The opportunity to boldly speak in Jesus’s name is not limited to those with daring personalities or career ministry training. It is the indwelling Spirit who enables us to tell the good news of Jesus. By His strength, we can experience the courage to share our Savior with others.
My mother discovered my kitten, Velvet, atop the kitchen counter, devouring homemade bread. With a huff of frustration, she scooted her out the door. Hours later, we searched our yard for the missing cat without success. A faint meow whistled on the wind, and I looked up to the peak of a poplar tree where a black smudge tilted a branch.
In her haste to flee my mother’s frustration over her behavior, Velvet chose a more precarious predicament. Is it possible that we sometimes do something similar—running from our errors and putting ourselves in danger? And even then God comes to our rescue?
The prophet Jonah fled in disobedience from God’s call to preach to Nineveh, and was swallowed up by a great fish. “From inside the fish Jonah prayed to the
Lordhis God. He said: “In my distress I called to the Lord, and he answered me” (Jonah 2:1–2). God heard Jonah’s plea and, “commanded the fish, and it vomited Jonah onto dry land” (2:10). Then God gave Jonah another chance (3:1).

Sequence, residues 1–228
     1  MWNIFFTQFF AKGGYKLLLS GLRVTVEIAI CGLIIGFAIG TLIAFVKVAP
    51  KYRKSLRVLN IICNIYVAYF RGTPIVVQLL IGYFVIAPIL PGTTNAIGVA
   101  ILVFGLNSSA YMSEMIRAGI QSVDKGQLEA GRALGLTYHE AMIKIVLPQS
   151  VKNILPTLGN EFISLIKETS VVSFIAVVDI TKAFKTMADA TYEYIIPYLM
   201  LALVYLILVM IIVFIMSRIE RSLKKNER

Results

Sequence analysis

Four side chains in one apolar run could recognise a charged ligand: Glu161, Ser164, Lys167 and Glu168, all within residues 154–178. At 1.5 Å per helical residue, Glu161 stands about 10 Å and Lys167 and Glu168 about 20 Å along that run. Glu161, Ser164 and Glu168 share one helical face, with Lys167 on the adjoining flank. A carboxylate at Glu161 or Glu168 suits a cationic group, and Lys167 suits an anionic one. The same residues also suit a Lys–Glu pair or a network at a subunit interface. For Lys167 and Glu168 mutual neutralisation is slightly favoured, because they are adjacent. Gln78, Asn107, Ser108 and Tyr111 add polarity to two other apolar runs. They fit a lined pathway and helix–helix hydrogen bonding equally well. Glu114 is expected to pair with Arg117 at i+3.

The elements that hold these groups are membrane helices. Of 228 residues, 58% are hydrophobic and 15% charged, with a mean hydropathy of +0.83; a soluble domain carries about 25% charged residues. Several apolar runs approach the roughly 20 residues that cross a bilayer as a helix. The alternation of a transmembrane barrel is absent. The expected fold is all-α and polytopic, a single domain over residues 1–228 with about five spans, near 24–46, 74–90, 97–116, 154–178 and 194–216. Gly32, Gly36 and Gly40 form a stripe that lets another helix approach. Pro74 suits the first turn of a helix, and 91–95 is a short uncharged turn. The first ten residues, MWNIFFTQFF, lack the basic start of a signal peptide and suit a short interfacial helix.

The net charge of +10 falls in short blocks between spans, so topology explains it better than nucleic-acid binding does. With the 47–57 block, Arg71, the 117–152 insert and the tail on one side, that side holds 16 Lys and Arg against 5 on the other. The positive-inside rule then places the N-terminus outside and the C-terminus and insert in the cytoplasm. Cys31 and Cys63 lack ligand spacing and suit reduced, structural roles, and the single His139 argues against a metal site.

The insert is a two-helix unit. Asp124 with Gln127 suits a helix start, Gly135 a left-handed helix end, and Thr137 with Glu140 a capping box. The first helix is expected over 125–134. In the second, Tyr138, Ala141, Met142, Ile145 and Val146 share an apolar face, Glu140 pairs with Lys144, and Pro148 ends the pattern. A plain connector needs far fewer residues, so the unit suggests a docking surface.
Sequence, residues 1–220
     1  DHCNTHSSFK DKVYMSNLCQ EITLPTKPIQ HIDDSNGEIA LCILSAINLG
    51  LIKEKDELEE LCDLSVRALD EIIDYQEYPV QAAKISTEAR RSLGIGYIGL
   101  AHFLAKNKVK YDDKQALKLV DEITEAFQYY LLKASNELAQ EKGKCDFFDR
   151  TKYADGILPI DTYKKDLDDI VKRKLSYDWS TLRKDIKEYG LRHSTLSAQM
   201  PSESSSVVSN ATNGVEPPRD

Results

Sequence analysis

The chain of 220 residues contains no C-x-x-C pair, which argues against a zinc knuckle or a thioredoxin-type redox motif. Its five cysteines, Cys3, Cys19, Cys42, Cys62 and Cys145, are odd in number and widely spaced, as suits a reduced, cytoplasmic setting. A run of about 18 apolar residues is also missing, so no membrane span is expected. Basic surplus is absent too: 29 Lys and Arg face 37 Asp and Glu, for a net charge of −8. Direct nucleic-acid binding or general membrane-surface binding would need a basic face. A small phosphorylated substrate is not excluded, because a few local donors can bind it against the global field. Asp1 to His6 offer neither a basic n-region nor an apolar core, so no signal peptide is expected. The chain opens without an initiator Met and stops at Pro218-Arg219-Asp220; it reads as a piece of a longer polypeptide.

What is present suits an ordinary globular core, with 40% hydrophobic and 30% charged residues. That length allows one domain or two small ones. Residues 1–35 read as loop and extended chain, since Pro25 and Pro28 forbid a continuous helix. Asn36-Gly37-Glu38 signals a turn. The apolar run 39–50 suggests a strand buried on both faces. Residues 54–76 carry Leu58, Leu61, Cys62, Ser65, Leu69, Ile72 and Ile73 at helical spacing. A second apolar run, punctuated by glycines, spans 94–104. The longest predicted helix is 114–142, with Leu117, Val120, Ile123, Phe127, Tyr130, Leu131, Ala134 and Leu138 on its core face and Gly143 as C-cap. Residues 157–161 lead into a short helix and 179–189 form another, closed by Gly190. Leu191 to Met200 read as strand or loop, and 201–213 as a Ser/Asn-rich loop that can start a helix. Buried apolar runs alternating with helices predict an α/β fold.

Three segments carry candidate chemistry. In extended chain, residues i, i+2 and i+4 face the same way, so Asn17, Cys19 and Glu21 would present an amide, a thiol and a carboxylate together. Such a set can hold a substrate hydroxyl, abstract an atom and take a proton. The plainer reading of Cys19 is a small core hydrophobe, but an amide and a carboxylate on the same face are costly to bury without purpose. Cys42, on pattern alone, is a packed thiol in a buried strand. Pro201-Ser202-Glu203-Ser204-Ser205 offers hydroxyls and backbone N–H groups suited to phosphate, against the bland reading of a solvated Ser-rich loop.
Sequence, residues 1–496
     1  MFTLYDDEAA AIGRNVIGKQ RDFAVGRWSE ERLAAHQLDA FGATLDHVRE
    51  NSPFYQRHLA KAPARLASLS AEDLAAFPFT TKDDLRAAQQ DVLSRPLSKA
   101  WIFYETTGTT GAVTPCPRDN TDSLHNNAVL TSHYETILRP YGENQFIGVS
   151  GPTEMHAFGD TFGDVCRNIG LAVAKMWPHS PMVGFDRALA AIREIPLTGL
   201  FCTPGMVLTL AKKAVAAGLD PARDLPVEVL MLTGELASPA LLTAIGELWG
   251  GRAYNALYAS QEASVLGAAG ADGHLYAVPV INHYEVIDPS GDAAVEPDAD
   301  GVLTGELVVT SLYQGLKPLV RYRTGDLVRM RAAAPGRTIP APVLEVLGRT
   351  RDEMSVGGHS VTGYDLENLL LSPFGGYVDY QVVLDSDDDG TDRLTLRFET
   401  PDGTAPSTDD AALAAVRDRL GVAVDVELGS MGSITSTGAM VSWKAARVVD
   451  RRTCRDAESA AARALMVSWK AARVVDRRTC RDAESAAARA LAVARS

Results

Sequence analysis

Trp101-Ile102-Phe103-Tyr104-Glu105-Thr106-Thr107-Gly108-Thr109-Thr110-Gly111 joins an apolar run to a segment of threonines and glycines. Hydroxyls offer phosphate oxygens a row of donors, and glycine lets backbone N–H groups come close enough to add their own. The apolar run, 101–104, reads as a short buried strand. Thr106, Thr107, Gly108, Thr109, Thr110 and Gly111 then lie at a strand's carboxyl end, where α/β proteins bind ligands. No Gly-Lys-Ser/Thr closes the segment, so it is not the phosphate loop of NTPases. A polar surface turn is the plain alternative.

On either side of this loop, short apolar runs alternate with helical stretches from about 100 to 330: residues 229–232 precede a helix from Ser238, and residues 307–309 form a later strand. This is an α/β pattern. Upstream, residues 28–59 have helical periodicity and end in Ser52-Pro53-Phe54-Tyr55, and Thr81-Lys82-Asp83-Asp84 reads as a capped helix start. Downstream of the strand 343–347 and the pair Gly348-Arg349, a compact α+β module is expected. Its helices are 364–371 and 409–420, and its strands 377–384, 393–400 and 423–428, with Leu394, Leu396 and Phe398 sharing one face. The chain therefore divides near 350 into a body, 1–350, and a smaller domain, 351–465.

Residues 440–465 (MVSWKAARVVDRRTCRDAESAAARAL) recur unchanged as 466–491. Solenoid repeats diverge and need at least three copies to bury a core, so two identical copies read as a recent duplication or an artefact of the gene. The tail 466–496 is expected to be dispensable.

After exhausting our efforts to woo Velvet down, we summoned the local fire department. With the longest ladder fully extended, a kind man climbed high, plucked my kitten from her perch, and returned to place her safely in my arms.
Oh the heights—and the depths—God goes to in rescuing us from our disobedience with His redeeming love!
In 1960, six-year-old Ruby Bridges was the first African-American child to integrate an all-white public elementary school in the American South. Every day for months, federal marshals escorted Ruby past a mob of angry parents shouting curses, threats and insults at her. Safely inside, she sat in a classroom alone with Barbara Henry, the only teacher willing to instruct her while parents kept their children from attending school with Ruby.
Noted child psychologist Robert Coles met with Ruby for several months to help her cope with the fear and stress she experienced. He was amazed by the prayer Ruby said every day as she walked to school and back home. “Please, God, forgive them because they don’t know what they’re doing” (Luke 23:34).